Harvest Festival[edit]

The Harvest Festival (Spanish: Fiesta de la Cosecha) is celebrated on the anniversary of the founding of the city. It is usually also the month that coffee crops are collected, giving rise to the phrase "hicieron su Agosto" ("they made their August"), meaning that someone made good money, referring to the pay that coffee collectors earned in August.[16]


Pereira has a huge variety in sport arenas in the city. It has the biggest and best Olympic Village in the Western part of the Country, with the recently renovated Stadium Hernan Ramirez Villegas, the Velodrome, the Olympic swimming pools, the multiple tennis and synthetic football fields, and the biggest Skate Park in the Country. It also has many other venues like the Commerce Club with many more venues.

Pereira has achieved the title of the most active city in Colombia in 2015, with important programs such as the Cycle way every Sunday, by closing the most important avenues of the city to give way for people riding bike, running or simply walking. Also every neighbourhood in the city has an Open Air gym for the use of everyone.

Pereira's main football team is the Deportivo Pereira, which plays in the Categoría Primera A. The city hosts the Hernán Ramírez Villegas stadium, a velodrome, a skating area, an Olympic swimming pool and a motocross track. Pereira is also home to the "coffee marathon". Pereira is the birthplace of the Colombian tennis player, Santiago Giraldo, and soccer player Cucho Hernández.


The predominant religion is Catholicism. There are also Protestant churches.

Twin towns – sister cities[edit]

Pereira is twinned with:


Pereira's gastronomy is rich since its climate allows a great variety of fruits and vegetables to be grown. As well as being part of the Coffee Axis, it is also known for paisa culture. Therefore, the main dishes are influenced by the paisa culture and by regions near to it. Main dishes include the Sancocho soup made with chicken and beef, with potato, yuca, corn, sweet plantain and rice. Another main dish is the bandeja paisa, which has beans with rice, fried sweet plantains, avocado, fried eggs, sausages, and meat. Mazamorra is another typical dish that is served as dessert, made of smashed corn with milk, with sweet unprocessed sugar added.

In addition, Pereira is also known for its varieties of pineapple, honey, and small biscuits called panderos, which are made of unprocessed sugar cane.


See also[edit]


  1. ^ "Carlos Maya, el contador público elegido como nuevo alcalde de Pereira". El Tiempo. El Tiempo. Retrieved 1 May 2020.
  2. ^ a b c "Estimaciones de Población 1985 - 2005 y Proyecciones de Población 2005 - 2020 Total Municipal por Área (estimate)". DANE. Retrieved 10 November 2016.
  3. ^[bare URL PDF]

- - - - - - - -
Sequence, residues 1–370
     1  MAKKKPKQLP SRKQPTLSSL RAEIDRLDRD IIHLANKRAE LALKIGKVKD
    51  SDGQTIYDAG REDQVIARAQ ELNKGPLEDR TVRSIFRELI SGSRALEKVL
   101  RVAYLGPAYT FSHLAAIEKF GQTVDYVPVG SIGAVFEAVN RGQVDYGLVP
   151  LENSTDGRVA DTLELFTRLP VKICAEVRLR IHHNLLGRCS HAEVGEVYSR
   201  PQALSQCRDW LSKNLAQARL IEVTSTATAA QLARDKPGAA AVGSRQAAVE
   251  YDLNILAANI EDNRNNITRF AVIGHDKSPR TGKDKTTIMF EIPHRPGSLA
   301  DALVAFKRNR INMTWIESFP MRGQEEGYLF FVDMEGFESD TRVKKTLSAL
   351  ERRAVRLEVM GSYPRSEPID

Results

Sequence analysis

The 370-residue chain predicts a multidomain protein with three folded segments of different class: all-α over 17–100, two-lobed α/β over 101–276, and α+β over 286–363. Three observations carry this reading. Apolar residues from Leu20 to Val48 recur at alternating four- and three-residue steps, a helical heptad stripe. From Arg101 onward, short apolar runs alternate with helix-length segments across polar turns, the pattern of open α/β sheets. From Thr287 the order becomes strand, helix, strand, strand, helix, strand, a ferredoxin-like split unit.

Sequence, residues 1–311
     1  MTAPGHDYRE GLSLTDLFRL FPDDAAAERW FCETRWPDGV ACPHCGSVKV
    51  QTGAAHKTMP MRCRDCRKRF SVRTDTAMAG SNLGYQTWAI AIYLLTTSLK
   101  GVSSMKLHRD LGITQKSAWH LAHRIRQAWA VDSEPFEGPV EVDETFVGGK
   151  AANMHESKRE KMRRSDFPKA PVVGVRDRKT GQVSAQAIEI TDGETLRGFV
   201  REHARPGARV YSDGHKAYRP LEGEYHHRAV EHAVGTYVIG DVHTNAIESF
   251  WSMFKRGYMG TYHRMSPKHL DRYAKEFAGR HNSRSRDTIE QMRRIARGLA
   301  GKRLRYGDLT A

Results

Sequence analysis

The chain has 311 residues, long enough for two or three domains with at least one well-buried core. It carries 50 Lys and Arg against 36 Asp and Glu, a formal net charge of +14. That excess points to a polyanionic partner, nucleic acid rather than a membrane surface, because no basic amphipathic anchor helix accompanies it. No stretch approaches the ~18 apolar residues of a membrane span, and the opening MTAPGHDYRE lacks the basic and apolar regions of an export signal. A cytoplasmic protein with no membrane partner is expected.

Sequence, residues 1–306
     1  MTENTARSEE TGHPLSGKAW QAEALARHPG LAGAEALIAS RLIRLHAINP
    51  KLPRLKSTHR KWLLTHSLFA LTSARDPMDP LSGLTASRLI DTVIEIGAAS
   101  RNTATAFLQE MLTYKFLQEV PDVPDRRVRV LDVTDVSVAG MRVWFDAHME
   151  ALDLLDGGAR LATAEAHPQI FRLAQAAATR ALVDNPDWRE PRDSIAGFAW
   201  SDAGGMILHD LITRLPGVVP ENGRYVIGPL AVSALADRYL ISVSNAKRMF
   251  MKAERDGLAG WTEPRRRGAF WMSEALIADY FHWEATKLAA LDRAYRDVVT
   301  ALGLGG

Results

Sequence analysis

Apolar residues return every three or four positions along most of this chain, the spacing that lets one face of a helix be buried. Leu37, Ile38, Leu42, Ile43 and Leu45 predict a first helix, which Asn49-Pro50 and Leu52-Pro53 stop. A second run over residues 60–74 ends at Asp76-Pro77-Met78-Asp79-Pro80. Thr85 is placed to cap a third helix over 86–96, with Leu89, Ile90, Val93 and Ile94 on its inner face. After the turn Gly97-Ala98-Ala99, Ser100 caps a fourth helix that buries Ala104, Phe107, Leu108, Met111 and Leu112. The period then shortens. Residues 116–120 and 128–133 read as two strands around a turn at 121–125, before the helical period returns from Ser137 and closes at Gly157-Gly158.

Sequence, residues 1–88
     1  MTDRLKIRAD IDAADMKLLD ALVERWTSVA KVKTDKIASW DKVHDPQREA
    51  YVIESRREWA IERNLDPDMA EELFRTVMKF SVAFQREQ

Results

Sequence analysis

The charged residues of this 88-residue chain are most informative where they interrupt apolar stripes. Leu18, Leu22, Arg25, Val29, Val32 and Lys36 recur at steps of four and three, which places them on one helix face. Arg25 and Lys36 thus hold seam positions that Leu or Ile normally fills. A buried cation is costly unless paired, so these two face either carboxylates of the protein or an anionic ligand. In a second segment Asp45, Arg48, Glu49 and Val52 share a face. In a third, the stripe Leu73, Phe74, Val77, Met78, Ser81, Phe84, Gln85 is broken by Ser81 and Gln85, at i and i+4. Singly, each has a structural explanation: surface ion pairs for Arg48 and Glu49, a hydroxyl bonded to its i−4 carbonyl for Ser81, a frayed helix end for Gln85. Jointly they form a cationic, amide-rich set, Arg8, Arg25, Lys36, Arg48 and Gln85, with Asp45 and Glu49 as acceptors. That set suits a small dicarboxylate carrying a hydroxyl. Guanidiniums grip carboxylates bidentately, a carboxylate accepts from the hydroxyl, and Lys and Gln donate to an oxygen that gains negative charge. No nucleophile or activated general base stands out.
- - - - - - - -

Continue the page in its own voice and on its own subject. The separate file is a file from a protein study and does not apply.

4. ^ a b "Colombia green guide Michelin 2012-2013." Michelin. 2012. Accessed at Google Books 29 December 2013.
  5. ^ Peraza, Miguel (2022-04-27). "Planificación urbana, covid-19 y diversidades sexogenéricas en Pereira, Colombia". Íconos - Revista de Ciencias Sociales (in Spanish) (73): 77–96. doi:10.17141/iconos.73.2022.5211. ISSN 1390-8065. S2CID 248585873.
  6. ^ Sharpless R. E. "Gaitán of Colombia: a political biography." University of Pittsburgh 1978 p16. ISBN 0822976196, 9780822976196. Accessed at Google Books 29 December 2013.
  7. ^ a b Palacios M. "Coffee in Colombia, 1850-1970: an economic, social and political history." Cambridge University Press, 25 July 2002. p162. ISBN 0521528593, 9780521528597. Accessed at Google Books 29 December 2013.
  8. ^ Hudson R. A. "Colombia, a country study." Government Printing Office, Library of Congress, USA. p95 ISBN 016088277X, 9780160882777.
  9. ^ Toasa J. "Colombia: a new ethanol producer on the rise?" Diane publishing and Department of Agriculture, Economic Research Service, USA 2009 p4. ISBN 1437923674, 9781437923674. Accessed at Google Books 29 December 2013.
  10. ^ Duncan R. J. "The Ceramics of Ráquira, Colombia: Gender, Work, and Economic Change." University Press of Florida, 1998. p93. Accessed at Google Books 29 December 2013.
  11. ^ "En servicio calzada de la Autopista del Café." Eldiario website. Accessed 1 February 2013.
  12. ^ "Cesar Gaviria Trujillo Viaduct." Structurae, International database and gallery of structures. Website in English. Accessed 30 December 2013.
  13. ^ "Promedios Climatológicos 1981-2010" (in Spanish). Instituto de Hidrologia Meteorologia y Estudios Ambientales. Archived from the original on 15 August 2016. Retrieved 16 August 2016.
  14. ^ "Promedios Climatológicos 1971-2000" (in Spanish). Instituto de Hidrologia Meteorologia y Estudios Ambientales. Archived from the original on 15 August 2016. Retrieved 16 August 2016.
  15. ^ "Tiempo y Clima" (in Spanish). Instituto de Hidrologia Meteorologia y Estudios Ambientales. Archived from the original on 15 August 2016. Retrieved 16 August 2016.
  16. ^ "Harvest Festivals." Colombia Festiva website, in English, 2011. Accessed 30 December 2013.
  17. ^ "Miami-Dade County Sister Cities Program". Miami-Dade County. Retrieved 2021-12-17.